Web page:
As beautiful as this moment was, I got a small taste of what it is like to be a woman in the Muslim world a few days later. Some of my male classmates and I were playing soccer on the public beach near our hotel when two young expatriates began to approach as if they wanted to join. I happened to score and when I looked again the young men had veered off in another direction. With my hair pulled back in a bun and wearing nothing but a t-shirt and shorts, I could have easily been mistaken for a boy from a distance. Seeing me score, one of my classmates pointed out, was probably not only off-putting but probably intimidating, and they most likely decided that they did not want to play when they realized I was present. This incident and my other observations throughout the trip actually inspired my research project, which will analyze the justice with which women in Kuwait and the other Gulf States are treated. I will turn in a full research paper on this topic by the end of this summer.

Phase II: All in the course of a weekend
Miraculously, we soon settled into a type of routine: Class or activities in the morning, a break in the afternoon where we would usually swim or work out (don't worry Coach, I was still getting better!) then grab some lunch and do reading or research. My 20th birthday also happened to fall on the Sunday of our weekend trip to Doha, Qatar. It was a full day that began with a cross-cultural dialogue on Arab and Western perceptions at Qatar University. We then went to visit the Emir of Qatar's collections of horses and horse-racing facilities, tried on traditional Kuwaiti dresses made by a friend of Professor Bailey, and then met back up with some of the Qatar University students we had met earlier at their local souk before heading back to the hotel and celebrating. Although we only spent one night with them, I made the assessment these girls were some of the nicest people I have ever met. We talked about school, boys and their families, despite the differences in how we spoke and dressed. I would include a picture with them (we took several) but they requested that no pictures of them be put online or on social media.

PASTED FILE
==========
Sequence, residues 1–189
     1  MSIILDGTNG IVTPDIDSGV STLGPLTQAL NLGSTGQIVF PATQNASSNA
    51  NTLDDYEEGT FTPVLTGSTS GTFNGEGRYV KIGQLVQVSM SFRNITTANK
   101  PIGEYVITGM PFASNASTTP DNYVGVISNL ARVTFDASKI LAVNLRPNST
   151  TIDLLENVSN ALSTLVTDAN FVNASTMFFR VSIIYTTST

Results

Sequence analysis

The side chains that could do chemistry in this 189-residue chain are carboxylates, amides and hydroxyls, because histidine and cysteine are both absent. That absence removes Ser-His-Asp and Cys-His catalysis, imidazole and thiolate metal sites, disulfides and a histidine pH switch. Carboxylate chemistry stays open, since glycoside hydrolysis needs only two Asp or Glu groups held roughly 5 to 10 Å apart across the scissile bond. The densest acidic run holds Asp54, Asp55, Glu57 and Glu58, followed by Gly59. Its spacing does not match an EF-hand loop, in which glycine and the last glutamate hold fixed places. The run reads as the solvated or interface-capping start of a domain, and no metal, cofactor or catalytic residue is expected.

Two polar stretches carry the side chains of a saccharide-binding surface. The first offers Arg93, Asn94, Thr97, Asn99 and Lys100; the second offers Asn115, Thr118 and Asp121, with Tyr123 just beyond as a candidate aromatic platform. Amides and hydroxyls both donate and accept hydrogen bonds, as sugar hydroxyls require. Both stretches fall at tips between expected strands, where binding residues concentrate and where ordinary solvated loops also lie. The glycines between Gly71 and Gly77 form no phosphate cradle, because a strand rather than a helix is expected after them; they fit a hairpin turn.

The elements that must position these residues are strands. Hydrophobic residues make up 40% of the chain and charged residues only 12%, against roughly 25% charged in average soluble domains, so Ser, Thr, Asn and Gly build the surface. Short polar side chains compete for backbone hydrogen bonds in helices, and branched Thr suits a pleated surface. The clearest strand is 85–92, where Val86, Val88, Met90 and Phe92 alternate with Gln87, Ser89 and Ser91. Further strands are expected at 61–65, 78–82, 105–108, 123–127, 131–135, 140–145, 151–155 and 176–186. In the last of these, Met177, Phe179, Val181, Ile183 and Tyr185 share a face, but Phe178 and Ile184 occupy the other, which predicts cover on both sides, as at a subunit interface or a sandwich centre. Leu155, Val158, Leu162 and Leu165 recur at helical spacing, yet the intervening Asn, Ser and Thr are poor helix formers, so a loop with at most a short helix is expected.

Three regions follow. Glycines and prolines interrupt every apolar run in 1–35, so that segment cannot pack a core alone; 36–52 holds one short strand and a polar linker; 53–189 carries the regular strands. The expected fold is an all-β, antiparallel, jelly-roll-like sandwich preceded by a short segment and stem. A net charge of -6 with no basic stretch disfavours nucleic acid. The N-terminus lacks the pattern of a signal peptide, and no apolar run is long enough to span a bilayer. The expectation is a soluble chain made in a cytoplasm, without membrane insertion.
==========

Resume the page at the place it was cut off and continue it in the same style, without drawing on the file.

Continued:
The next weekend we travelled to Dubai, the trip that I had been most excited about. Following the trend of the entire trip, it was incredibly busy. We hit the Dubai Mall soon after stepping off the plane, visited the beach, drove on a safari through the Desert of Dubai, sandboarded and visited Burj Khalifa, which is currently the tallest structure in the world (all in the course of a weekend). We also found time to take advantage of the great area near our hotel during the evening. It was during this downtime I was able to get to know all of the truly awesome people that were on this trip with me.

Phase III: Overdrive
When we returned from Dubai it was with the unwelcome realization that we only had one week left in this place that we had begun to call our home. Days turned into marathons, bucket lists came out and phrases like "Last week = no sleep!" ruled the day. We were incredibly busy for most of the days and nights with planned events or our new Kuwaiti friends. We watched a session of Parliament, visited the Kuwait Stock Exchange, climbed Al Hambra Tower and were invited to one of Professor Bailey's friend's beach shalet (beach house). Whatever breaks we had were spent on our research proposals which we turned in that Thursday. When the last couple days had arrived, it was noticeable as each experience and conversation became some of our last. Soon it was time to say "goodbye" and everyone took their separate flights (mine was actually to Dublin, where I met up with my friend and continued traveling). Before we knew it, it was over.

When I was asked at the end of the trip what my biggest takeaway from the entire experience was, I couldn't exactly answer, but I think now I can. Of course I gained an appreciation for different cultures and an expanded perception of the world that I plan to bring back to BC. More than that, however, I was struck through countless personal conversations by the fact that people everywhere share so many of the same concerns and in many cases simply lack the education, means, or incentive to address those concerns. From disenchantment with the political system to dealing with sexuality, or even which filter to choose for Instagram, the human element is constant.